Superstars and Specialist Services: Will OTRO Bring Value to Fans, Footballers and their Financiers?
As debates on the sustainability of various digital content business models continue to play out live, OTRO, a new entrant to the market offers an opportunity to marry competing points of view.
OTRO: the overview
Otro is a new digital content offering for football fans: exclusive content, documentaries, competitions and access to personal moments with the world’s top players will populate this new $3.99 per month subscription service. A free tier with a considerably stripped back content offering will also be available.
Launching this week with Neymar, Messi, Beckham and Cantona (to name a few) front and centre of the campaign, it is unsurprising that OTRO has generated quite the buzz. Football royalty to one side, the more interesting questions are whether OTRO can meet the needs of all players involved: fans, footballers and financier-partners: 23 Capital.
Re-match: Subscriptions vs Ads
The perceived success of subscription platforms, has dominated much of the recent narrative on successes within the digital content economy. From healthy Spotify and Apple Music subscriber growth figures, New York Times subscription revenues outstripping ad revenues and Netflix becoming a mainstream service in the US – the trajectory of financial security in the digital content economy is increasingly found in this source of revenue.
However in more recent weeks this trend has looked less sure. There are complexities in maintaining a large enough user base when not all content is original (hence why Netflix is set to be pursuing a more aggressive original content strategy from 2019). Spotify is making product and partnership decisions that will allow it to generate ad revenue from users behind its paywall (via podcast sponsorship). YouTube Premium announced this week that it will be dialling down its paid offering in favour of ad-supported content.
This intricate set of developments reveals the nuances of balancing decisions on the overall financial health of a digital content business with the sensitivity of a userbase to when and how they expect to see advertising (or not). Penalties for alienating audiences with ads, particularly users behind paywalls whose attention is under assault already, can be swift (closing accounts) and permanent.
If a service can find a way to grow a paying subscriber base and legitimse brands activating behind their paywalls, they may just be onto a winning formula.
Interplay: Fans and Brands
At the moment it is not clear exactly how OTRO plans to integrate brands within their platform. What is clear is that, with a multi-layered multi-million sponsorship network already in place across the range of players they’re working with, brands will undoutebdly be playing a role.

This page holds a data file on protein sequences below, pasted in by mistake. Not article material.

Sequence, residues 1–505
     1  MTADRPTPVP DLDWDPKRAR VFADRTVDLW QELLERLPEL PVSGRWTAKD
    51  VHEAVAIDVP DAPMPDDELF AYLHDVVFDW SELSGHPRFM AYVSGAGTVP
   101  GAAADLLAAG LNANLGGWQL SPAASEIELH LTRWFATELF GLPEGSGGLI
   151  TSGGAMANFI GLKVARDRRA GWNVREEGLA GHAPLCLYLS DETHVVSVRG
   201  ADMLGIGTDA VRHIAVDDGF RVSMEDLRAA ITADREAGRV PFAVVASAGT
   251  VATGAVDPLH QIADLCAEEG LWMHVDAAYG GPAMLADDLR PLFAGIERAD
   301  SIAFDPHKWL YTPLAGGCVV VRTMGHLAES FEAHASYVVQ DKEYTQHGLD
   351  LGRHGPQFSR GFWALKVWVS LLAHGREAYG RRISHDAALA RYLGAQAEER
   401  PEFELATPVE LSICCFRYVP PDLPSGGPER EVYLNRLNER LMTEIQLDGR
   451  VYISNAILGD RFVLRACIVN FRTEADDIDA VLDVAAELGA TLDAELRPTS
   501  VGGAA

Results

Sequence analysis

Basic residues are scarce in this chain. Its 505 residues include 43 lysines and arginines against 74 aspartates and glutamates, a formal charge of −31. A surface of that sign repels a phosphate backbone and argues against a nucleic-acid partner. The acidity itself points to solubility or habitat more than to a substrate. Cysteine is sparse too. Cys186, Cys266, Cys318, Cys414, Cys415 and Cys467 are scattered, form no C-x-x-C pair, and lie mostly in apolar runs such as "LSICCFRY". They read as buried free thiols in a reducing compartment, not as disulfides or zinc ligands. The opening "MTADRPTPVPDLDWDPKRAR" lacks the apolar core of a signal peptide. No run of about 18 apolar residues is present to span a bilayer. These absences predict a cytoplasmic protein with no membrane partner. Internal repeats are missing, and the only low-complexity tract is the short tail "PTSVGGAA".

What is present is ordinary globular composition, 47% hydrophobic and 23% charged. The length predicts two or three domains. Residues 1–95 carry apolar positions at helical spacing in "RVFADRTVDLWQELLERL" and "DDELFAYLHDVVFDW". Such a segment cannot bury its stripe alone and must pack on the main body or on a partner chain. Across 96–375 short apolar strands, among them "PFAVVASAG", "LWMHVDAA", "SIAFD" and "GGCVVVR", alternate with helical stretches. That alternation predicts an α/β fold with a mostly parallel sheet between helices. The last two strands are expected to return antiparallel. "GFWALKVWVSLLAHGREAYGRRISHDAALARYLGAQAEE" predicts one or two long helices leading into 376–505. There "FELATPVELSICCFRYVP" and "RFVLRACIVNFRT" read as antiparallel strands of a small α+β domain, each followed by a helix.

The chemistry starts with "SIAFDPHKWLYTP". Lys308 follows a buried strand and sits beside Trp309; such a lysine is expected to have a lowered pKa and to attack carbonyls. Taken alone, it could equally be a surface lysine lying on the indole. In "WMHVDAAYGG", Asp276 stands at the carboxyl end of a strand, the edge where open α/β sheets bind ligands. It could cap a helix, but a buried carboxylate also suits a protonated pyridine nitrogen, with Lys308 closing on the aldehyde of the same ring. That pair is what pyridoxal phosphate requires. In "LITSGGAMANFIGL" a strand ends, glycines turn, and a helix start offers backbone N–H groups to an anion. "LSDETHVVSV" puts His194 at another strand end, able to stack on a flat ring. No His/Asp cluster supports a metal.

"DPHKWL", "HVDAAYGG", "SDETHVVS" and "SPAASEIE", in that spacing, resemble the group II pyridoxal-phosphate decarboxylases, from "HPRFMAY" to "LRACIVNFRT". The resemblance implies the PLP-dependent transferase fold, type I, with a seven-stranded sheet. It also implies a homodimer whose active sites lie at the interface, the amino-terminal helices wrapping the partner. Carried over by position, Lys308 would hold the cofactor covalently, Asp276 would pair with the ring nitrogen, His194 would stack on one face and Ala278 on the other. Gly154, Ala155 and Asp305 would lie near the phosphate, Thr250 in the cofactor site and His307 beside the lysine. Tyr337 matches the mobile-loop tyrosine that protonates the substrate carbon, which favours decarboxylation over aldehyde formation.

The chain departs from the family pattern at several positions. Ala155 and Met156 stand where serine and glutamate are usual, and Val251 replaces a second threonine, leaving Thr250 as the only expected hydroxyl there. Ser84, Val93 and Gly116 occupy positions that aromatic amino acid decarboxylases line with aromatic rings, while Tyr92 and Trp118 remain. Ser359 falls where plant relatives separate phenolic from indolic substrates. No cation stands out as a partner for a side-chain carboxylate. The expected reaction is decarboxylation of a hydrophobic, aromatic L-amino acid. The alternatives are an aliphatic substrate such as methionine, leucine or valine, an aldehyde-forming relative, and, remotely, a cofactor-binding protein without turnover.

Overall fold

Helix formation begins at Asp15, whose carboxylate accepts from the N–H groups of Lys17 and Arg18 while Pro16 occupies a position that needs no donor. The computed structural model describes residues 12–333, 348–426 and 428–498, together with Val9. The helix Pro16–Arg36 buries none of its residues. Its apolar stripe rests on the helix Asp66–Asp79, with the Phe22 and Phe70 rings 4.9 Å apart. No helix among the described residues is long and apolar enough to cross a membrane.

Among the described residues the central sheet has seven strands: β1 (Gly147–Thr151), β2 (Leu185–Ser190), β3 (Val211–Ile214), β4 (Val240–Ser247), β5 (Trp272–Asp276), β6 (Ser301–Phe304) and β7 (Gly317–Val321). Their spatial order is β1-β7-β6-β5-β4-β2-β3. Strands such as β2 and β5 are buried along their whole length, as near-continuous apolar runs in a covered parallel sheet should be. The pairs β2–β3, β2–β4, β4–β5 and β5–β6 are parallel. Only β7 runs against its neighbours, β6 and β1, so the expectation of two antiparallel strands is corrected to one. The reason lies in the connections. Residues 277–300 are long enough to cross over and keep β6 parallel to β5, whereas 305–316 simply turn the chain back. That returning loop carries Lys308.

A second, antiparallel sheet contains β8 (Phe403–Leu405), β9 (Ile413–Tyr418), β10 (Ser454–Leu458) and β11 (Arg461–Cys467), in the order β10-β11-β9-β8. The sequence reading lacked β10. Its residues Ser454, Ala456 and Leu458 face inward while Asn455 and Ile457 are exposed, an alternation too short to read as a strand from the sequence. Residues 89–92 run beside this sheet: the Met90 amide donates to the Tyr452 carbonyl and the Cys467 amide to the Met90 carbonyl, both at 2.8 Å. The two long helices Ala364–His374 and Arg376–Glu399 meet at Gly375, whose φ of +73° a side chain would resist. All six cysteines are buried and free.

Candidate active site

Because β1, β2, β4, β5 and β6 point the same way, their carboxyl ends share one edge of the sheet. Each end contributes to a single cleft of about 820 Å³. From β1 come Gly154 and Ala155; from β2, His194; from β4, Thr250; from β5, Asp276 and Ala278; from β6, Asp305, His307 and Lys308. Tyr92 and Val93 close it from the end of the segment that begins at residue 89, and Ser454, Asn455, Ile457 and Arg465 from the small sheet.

Succesfull integration of brands behind paywalls is dependent upon the potential for a recipricol relationship with the platform’s users based on brand relevance. OTRO’s potential audience could be as united by an appetite for sportswear, merchandise and limited edition trainers as they are united by an appetite for football news.
Whilst Spotify negotiates the legitimacy of the recently publicised United Airlines songs (or native ads) on its platforms, OTRO looks poised to have a more seamless interplay between its subscribers, the brands looking to reach those subscribers and the heart of all of it, the players that in some cases are arguably more entwined with brands than they are with their own clubs’ brand.
Users, Audiences and Communities
Jason Traub, founder and chief executive of 23 Capital said the number of football fans is in the region 3.5 billion globally. Whilst OTRO is unlikely anticipating being able to convert even 10% of this fanbase to be paying subscribers, it would still have a considerably sized addressable market. Reach is still a key metric underpinning many strategic and tactical decisions on the part of content makers, distributors and sponsors, but the more compelling metric is engagement (defined in many nuanced ways depending on the format).
Successful brands understand that maintaining a dominant place on the world stage involves some fancy footwork on both sides of this pitch: giant tentpole moments to change national conversations (Nike’s Kaepernick campaign launch during the Superbowl) and more low-key conversational moments (adidas Originals EQT launch with seminars on London culture).
First and foremost, these brands understand that gaining traction with increasingly discerning audiences is dependent on developing reciprocal, respectful and regular interactions with audiences. This is the gaze through which they will be selecting partners and platforms in the future. For OTRO, this will mean that in addition to their star-studded launch this week, it must cultivate a genuinely interested, thriving and credible community of football fans. Engagement is bottom up, not the other way around.